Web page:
committed to convenience stores

A look at the Fina brand 16 Years (200 CSD Issues) Later

By Jeff Morris President and CEO, Alon USA

Jeff Morris, president and CEO of Alon USA, reflects on the growth of the Finabrand since the company was profiled in the inaugural issue of ConvenienceStore Decisions 16 years ago.

After reviewing the article about Fina Mart stores in the inaugural issue of Convenience Stores Decisions, I was struck by the old adage that “the more things change, the more they stay the same.”

I enjoyed the discussion on the monthly store gasoline and merchandise sales, which are comparable to what we have today. I enjoyed the discussion about building a 2,500 sq. ft. footprint, which is very similar to what we have today, and I enjoyed the discussion around growing Fina Marts from 11% of the companies’ overall gasoline sales to up to 80% of gasoline sales. In 1990, we had 150 stores; today we have 167 and sell about 20% of the gasoline we make.

Nevertheless, the journey from 1990 to today has been circuitous, and we area much different company. In 1990, we were Belgian owned. We are now Israeliowned. Then, we had two U.S. refineries as part of a multinational oil company.Today, we operate one refinery and are an independent oil company in the U.S.—partof a much larger Israeli enterprise.

In 1990, our fuel brand was Fina and our store brand was Fina Mart. Sixteen years later, our fuel brand remains Fina, but we are the largest 7-Eleven licensee in the U.S.

But perhaps the most striking part of the article in 1990 was the discussionthat centered around our customers. Much of the dialogue could simply be reprintedtoday—the concern about the percentage of gasoline customers who comeinside the store, the design of the gondolas, the design of the fountain andcoffee offering, the relative location of the checkout counter in the store,the debate on the relative advantages and disadvantages of fast food and thenumber of cooler doors are all issues still among our key concerns.

This discussion reinforced to me the strength and stability of our business model in the convenience industry. Our model is very sound. Our customers have proven over and over again, against all competition, that they value convenience. Thus, if we continue to listen to our customers and gradually adjust our product offering to meet their changing desires while staying focused on the fundamental of convenience, we will continue to stay very successful as an industry.

The proof is that the number of convenience stores in the U.S. continues to grow and we continue to grow market share even more than a decade after the introduction of the hypermarket.

The same applies for Alon USA. Our company has never been stronger and I havenever been more optimistic about the convenience retailing portion of our business.I think the biggest change for us over the last 16 years is the move from ownershipby a petroleum-based company to being owned by a retailer. What a wonderfulrevelation. Nowadays, when a convenience retailer introduces themselves as apetroleum marketer, I become concerned because it shows a commitment to an integralpart of the business that wasn’t a focus of traditional operators.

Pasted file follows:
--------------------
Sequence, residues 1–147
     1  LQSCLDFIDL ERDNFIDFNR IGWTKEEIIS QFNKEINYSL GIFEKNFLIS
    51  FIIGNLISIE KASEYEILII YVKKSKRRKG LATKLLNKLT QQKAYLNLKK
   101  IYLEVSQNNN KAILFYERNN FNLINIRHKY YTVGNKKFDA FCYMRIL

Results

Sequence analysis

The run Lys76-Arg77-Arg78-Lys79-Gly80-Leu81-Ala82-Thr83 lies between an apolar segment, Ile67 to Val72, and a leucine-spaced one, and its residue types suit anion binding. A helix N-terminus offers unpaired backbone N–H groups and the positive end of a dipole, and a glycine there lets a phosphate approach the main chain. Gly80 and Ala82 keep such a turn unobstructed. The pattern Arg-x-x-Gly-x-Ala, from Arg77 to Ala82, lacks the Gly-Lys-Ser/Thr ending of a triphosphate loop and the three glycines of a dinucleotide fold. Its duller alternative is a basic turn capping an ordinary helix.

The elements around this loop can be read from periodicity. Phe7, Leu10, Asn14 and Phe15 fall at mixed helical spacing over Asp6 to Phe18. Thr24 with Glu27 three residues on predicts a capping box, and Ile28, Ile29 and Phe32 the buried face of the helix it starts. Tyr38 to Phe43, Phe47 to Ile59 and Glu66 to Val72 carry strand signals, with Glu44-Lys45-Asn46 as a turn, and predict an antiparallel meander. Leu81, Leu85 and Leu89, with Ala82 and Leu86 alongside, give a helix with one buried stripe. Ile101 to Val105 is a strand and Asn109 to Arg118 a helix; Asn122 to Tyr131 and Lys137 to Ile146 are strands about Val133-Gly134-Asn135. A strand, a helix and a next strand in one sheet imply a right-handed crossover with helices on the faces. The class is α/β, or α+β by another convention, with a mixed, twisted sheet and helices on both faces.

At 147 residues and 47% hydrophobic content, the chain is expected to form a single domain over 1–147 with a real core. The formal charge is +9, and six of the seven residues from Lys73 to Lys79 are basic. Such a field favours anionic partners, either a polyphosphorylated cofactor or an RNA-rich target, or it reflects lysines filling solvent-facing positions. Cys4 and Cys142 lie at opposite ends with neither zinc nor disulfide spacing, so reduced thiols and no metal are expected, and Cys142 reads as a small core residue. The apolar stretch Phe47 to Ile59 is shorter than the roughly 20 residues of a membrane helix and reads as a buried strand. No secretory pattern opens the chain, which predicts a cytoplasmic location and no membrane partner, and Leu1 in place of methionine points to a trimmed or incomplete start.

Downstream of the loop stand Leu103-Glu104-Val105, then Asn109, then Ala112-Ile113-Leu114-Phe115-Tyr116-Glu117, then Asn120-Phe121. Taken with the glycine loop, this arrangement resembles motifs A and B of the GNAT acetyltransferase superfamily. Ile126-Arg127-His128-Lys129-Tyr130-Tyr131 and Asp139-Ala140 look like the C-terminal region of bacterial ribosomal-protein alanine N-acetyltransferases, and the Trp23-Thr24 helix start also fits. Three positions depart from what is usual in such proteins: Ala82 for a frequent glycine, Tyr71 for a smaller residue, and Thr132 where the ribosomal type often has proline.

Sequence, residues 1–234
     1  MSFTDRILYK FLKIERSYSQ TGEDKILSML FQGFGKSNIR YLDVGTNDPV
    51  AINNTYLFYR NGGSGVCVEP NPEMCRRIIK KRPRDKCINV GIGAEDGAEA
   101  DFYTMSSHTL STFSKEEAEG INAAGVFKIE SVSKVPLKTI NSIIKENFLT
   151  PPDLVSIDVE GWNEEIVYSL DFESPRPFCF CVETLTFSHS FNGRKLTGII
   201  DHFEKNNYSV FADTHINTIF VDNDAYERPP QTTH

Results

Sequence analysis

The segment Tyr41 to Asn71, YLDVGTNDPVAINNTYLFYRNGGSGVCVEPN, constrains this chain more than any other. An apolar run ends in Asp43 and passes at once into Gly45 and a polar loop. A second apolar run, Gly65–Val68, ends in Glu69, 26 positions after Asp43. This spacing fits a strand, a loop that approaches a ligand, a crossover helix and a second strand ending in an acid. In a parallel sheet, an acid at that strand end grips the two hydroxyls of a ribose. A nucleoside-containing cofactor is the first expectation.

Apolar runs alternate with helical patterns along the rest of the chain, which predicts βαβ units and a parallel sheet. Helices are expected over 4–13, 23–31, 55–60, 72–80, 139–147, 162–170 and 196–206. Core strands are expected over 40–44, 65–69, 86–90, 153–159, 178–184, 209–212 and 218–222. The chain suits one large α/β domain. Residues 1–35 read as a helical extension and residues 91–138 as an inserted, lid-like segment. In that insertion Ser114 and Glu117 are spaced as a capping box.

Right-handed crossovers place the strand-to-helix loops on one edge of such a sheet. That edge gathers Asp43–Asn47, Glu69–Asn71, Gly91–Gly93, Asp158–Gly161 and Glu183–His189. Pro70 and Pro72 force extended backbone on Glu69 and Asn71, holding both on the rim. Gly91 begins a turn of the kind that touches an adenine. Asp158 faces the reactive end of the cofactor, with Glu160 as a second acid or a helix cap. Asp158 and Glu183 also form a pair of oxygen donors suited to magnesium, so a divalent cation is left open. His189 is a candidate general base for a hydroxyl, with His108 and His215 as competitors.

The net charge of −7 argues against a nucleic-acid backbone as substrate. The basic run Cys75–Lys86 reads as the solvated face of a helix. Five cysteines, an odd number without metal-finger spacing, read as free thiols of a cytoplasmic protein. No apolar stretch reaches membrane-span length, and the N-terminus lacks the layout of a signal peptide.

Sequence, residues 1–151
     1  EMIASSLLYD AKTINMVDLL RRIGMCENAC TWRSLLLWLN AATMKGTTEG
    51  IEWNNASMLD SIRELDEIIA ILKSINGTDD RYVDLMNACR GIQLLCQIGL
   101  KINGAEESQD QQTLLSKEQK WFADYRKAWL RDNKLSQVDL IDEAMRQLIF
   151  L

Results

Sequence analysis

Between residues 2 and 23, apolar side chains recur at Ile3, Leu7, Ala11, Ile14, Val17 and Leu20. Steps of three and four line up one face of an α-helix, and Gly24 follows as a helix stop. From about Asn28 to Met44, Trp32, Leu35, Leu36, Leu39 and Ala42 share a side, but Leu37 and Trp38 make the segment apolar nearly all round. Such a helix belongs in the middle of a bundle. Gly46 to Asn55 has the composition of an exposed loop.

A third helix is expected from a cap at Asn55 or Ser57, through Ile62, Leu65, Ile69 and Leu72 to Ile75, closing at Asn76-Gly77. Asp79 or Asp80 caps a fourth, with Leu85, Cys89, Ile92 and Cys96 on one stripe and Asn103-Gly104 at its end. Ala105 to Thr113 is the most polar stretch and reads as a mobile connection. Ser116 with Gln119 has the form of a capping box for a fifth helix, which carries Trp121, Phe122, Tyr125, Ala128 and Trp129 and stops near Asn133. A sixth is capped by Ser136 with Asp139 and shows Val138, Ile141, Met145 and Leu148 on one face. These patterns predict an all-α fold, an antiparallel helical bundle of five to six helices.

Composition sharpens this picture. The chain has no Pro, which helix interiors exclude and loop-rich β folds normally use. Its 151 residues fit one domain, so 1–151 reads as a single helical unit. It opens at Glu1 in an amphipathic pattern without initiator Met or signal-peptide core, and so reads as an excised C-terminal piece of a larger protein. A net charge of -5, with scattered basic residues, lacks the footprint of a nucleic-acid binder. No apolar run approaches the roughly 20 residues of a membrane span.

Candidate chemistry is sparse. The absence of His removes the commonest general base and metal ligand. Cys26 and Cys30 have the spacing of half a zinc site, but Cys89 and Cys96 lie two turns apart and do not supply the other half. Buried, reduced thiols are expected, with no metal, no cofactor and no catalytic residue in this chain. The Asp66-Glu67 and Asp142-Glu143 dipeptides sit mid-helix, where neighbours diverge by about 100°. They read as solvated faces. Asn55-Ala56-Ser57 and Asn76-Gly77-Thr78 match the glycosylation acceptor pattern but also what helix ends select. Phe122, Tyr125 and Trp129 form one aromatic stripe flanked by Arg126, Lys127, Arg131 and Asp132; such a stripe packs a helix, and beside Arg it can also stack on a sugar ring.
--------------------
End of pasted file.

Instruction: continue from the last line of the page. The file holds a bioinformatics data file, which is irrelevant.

Today’s convenience store, as was discussed in CSD’s inaugural issue, is primarilyabout what goes on inside the store while offering a wonderful fuel presenceoutside to further enhance the concept of convenience. Congratulations to CSD.I look forward to another update 200 issues from now. I am sure that, althoughmany things will have changed, the fundamental value of convenience will remainthe same.

Jeff Morris took over as president and CEO of Alon USA six yearsago after serving as a chemical engineer with the company for nearly 20years. The oil company is a subsidiary of Alon Israel Oil Co. formed in2000 to acquire Fina Inc.’s downstream assets. The refiner-marketer sells97.5 million gallons of gasoline a year, primarily through its networkof 1,300 Fina branded stores throughout the Southwest. It also directlyoperates 167 7-Eleven stores making it the largest 7-Eleven licensee inthe U.S. Alon’s core refinery, in Big Spring, Texas, has a productioncapacity of 70,000 barrels per day.

Morris has developed a reputation forbeing a shrewd, highly-skilled executive that has Alon, and the Fina brand,on the fast track for growth through acquisitions thanks in part to twostrategic decisions that yielded high financial returns and settled virtuallyall of the company’s outstanding debt. First, in January 2005, he orchestratedthe sale of three product pipelines and three product terminals to HollyEnergy Partners for $118 million in cash. Six months later he took thecompany public with Initial Public Offering (IPO) of 11.7 million raisingnearly $190 million.

"We didn’t need to do the IPO," Morris says. "But we didit to create a public currency that makes it easier for us to increaseour borrowing capacity. Now we have the maneuverability to do large-scaleacquisitions of stores or a refinery and duplicate the successful modelthat we’ve created in Texas and New Mexico in other markets in the U.S."

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